Are You Like Cherie?
At age 42 Cherie is supposed to be in her sexual prime, at least according to the latest women’s magazines, but she feels far from sexy. With two children and a busy career, she considers sex to be at the bottom of her list. Further, sex with her husband just isn’t very pleasurable anymore because Cherie doesn’t feel much sensation in her sexual organs. She avoids sex as much as possible, but her husband is becoming upset and worried. She knows she needs to do something to resolve the situation, but she doesn’t know what.
How Cherie can solve her sexual problem: More than 40 percent of women are dissatisfied with their sex lives, and many of these women have decreased sexual sensation, which is what Cherie is experiencing. This decrease in sensation is often due to weak pelvic floor muscles, and the good news is that these muscles can easily be strengthened with pelvic floor muscle exercises. Studies show that women who do pelvic floor exercises reach orgasm more easily and experience more sexual desire. Cherie can improve her symptoms by following a simple pelvic floor exercise program, such as one from her physical therapist or the at-home program in chapter 7 in our book.
What is Decreased Sexual Sensation?
What if sex isn’t as good as it used to be? What if it was never as good as it could be? Then you may be suffering from pelvic floor weakness. Decreased sexual sensation is a common symptom and can be the result of vaginal deliveries, aging, obesity, stress, and other factors. But some women also experience decreased sexual sensation for no particular reason other than lack of pelvic floor tone. Studies show that 10% of women have never had an orgasm and only 30% of women ever achieve orgasm during intercourse. The good news is that research indicates that increasing pelvic floor fitness can and does improve sexual satisfaction for most women.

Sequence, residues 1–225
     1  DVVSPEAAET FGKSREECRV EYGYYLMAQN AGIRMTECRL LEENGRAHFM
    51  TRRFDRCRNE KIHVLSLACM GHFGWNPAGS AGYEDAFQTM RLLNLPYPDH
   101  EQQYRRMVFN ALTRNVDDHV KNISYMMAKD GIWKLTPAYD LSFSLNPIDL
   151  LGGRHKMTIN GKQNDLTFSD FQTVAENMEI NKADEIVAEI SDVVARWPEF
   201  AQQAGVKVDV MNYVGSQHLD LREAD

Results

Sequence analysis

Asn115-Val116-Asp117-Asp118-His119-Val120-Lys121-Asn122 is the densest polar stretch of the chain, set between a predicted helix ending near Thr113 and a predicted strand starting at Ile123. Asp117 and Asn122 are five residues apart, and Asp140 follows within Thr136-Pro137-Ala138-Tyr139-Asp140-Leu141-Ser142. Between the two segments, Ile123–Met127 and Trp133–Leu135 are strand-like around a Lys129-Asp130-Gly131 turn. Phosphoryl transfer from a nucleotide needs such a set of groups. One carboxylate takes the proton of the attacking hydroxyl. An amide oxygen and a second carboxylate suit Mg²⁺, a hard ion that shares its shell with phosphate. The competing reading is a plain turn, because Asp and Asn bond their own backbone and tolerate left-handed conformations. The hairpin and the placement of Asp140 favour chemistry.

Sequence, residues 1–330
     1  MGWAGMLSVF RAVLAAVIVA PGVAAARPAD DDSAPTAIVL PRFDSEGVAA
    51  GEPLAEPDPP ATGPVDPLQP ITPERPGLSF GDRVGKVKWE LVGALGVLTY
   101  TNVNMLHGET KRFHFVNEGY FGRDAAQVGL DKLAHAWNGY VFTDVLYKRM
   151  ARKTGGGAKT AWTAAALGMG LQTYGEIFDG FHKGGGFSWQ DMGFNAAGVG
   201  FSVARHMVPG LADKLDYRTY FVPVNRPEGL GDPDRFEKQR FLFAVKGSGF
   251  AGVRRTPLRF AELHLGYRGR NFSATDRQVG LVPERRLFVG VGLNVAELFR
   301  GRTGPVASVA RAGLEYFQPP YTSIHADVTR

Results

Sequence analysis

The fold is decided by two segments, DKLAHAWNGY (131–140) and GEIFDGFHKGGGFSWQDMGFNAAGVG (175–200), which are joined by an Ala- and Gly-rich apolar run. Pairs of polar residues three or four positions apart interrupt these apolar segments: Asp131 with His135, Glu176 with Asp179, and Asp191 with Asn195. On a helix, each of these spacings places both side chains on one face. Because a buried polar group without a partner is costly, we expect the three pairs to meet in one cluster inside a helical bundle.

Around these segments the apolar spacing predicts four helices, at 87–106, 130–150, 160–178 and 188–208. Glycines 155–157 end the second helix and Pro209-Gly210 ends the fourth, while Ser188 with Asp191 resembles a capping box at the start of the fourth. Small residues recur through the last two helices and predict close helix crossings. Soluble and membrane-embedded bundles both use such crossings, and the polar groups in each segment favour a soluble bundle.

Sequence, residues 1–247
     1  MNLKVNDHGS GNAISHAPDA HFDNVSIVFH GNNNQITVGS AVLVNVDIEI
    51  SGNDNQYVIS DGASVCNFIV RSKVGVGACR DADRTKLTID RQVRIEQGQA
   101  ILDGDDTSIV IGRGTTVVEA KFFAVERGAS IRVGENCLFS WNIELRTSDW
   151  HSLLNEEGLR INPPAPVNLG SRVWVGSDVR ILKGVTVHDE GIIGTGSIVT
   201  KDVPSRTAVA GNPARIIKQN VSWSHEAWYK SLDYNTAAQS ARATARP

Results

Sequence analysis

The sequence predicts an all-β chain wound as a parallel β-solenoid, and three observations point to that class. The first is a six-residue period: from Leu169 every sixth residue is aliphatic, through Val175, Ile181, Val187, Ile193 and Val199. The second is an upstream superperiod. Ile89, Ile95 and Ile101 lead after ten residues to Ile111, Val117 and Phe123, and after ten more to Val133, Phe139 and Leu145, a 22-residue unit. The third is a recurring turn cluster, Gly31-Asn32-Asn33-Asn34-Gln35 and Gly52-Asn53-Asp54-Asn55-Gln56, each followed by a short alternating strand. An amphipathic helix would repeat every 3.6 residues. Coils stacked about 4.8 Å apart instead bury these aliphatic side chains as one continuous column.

You Know You Have Decreased Sexual Sensation if you experience any of the following symptoms:
- Difficulty achieving a satisfactory sexual response
- Low sex drive
- Decreased pleasurable sensation during sex
- Pain during intercourse
- Urinary incontinence during sexual activity
How the story ends
Cherie decided to tackle her problems in the bedroom with a pelvic floor fitness regimen. At the suggestion of her urologist, Cherie signed up for a Pilates-pelvic floor fitness class and began learning how to exercise and tone her pelvic floor. She was heartened to learn that several studies proved the link between pelvic floor tone and a woman’s ability to achieve sexual satisfaction. The news motivated Cherie all the more to practice her Kegels and other pelvic floor exercises… at stoplights, while waiting in line at the grocery store, and, of course, in the bedroom!